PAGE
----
We drove out of town on a large tour bus and made our way west, toward the arbitrary border which divides the small chunk of Argentinian land on the tip of the peninsula from the neighbouring Chile. Once inside the Tierra del Fuego National Park, we disembarked and bought our tickets to ride the Tren del Fin del Mundo. It’s an amazing look back in time to when the area was first settled and the prisoners who inhabited the penal colony had to build the train tracks into the forest in order to cart the wood back out. To this day they still run some of the engines which were used back then! Not surprisingly, that meant we broke down about 2/3 of the way through the ride and had to be pushed to the station by another engine. All part of the charm. 🙂
The rest of the group met us train-goers at the station and we all carried on further into the park, to Lago Acigami. Talk about impressive! It was so huge and so windy, there were waves crashing on the beach to rival an ocean swell. We walked around the edge, back to a much calmer section of the same body of water, which had marshes on the shore and barely a ripple in sight – completely surreal. We spent time exploring the cultural centre museum in the building which overlooked the lake and I found the coolest wooden puzzles in the shape of penguins! There are some very happy little people in my life playing with those now.
The troops were rounded up after everyone was watered and educated, and we drove to a trail head deeper in the grounds. It was a bit of a hike to reach the lookout, but we were rewarded with amazing views out across the island-dotted water of the Beagle Channel and beyond. As far as the Argentinians are concerned, it truly is the end of the world. Just don’t ask the Chileans about their inhabited regions which are technically further south… Our guide led us down the trail, out onto the flats and their raised wooden walkways which jutted out closer to the water. The whole cove was breathtaking.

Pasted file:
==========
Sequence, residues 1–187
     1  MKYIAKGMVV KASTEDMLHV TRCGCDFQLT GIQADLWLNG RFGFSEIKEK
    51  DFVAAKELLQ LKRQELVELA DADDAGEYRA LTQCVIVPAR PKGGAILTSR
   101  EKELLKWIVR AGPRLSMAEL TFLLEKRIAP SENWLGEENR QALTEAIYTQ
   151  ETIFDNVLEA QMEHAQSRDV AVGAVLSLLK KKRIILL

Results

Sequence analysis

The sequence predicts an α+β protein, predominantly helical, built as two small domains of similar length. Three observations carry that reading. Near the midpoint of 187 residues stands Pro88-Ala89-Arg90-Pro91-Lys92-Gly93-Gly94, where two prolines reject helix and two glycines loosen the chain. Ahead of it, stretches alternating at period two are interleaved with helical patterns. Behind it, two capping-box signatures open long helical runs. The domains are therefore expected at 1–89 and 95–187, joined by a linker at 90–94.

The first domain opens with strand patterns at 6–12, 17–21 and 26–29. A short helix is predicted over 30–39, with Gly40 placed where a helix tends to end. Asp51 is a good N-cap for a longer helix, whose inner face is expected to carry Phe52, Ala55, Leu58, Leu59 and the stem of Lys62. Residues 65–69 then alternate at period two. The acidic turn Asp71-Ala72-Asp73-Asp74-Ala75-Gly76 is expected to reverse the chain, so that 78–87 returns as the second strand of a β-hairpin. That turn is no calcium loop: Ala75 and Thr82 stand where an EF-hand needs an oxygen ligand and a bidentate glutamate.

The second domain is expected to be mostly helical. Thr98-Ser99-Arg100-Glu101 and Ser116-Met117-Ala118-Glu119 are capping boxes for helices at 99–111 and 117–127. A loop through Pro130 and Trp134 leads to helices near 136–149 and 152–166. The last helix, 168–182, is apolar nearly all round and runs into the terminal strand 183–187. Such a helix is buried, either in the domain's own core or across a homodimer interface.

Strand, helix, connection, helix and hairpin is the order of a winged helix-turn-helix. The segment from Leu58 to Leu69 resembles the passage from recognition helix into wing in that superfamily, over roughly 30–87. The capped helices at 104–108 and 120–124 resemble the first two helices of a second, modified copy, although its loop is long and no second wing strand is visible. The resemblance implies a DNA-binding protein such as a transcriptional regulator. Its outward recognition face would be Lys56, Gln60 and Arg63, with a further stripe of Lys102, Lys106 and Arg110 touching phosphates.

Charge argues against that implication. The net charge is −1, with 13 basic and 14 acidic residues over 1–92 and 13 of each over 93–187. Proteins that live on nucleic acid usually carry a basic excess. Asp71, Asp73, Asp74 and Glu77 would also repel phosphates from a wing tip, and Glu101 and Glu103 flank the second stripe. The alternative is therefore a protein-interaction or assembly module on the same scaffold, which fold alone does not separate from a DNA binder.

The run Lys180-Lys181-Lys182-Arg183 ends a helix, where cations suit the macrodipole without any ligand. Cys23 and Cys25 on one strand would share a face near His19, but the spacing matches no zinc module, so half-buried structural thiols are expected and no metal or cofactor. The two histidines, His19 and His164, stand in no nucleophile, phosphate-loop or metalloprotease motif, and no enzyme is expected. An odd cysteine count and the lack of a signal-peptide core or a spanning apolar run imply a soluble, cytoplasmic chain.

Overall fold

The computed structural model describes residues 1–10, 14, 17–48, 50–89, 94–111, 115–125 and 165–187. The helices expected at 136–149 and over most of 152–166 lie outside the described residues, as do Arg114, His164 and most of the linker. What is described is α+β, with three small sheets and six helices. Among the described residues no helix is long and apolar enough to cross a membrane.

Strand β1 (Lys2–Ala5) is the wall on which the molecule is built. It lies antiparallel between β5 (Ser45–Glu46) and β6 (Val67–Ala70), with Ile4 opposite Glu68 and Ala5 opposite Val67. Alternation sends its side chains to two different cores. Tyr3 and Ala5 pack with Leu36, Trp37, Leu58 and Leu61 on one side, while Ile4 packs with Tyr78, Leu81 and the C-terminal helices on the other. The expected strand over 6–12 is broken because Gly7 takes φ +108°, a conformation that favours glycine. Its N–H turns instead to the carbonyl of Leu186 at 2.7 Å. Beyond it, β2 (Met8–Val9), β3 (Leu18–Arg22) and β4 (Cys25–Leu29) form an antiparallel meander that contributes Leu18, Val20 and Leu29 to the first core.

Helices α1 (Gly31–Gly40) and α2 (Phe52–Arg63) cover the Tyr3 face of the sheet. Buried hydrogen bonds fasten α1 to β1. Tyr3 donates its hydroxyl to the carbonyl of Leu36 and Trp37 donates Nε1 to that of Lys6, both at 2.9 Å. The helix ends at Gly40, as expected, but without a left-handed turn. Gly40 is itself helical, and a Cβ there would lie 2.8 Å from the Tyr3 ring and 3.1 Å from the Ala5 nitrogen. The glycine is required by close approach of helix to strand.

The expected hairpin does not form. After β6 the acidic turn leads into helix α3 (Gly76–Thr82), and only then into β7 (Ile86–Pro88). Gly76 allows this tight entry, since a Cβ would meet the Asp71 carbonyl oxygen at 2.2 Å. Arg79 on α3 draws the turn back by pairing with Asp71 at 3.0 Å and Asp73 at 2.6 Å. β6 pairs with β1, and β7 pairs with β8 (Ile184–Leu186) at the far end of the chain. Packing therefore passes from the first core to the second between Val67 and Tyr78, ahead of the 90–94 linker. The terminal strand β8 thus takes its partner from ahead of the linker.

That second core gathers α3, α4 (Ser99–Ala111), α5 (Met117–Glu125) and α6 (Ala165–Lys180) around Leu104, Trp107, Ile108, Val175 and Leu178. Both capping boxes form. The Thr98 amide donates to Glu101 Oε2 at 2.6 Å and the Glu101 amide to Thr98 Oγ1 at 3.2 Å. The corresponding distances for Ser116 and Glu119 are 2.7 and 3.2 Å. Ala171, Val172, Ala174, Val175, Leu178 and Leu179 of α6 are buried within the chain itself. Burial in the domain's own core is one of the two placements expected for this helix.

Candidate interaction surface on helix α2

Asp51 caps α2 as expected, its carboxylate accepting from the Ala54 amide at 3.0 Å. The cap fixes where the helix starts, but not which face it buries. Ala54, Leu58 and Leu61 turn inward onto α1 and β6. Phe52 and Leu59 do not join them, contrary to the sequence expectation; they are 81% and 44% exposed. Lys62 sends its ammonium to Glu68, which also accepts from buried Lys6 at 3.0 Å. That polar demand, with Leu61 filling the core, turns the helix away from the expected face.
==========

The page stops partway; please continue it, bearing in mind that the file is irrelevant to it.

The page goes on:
Early afternoon rolled around and with my embarkation time for the ship rapidly approaching, we made our way back along the winding road to cozy Ushuaia. With my previous culinary success based on local advice, I asked our guide for a lunch recommendation and was again rewarded with excellent food. If you ever go to Argentina and you eat meat, you must try the traditionally-prepared lamb and mint-based pesto! It makes me drool just reminiscing as I write this.
I meandered down to the wharf in the gorgeous, crisp sunshine and admired the view of the large vessels moored there from my perch along the waterfront. Three o’clock crept closer and my stomach became much more flighty than usual as I anticipated the crazy journey I was about to undertake. Would I get horribly seasick crossing the Drake Passage? Would I freeze my peripheries off once we got down there? Would I see any of the wildlife I hoped for? What would the expeditions be like? Little did I know, it would turn out to be the best two weeks of my life thus far.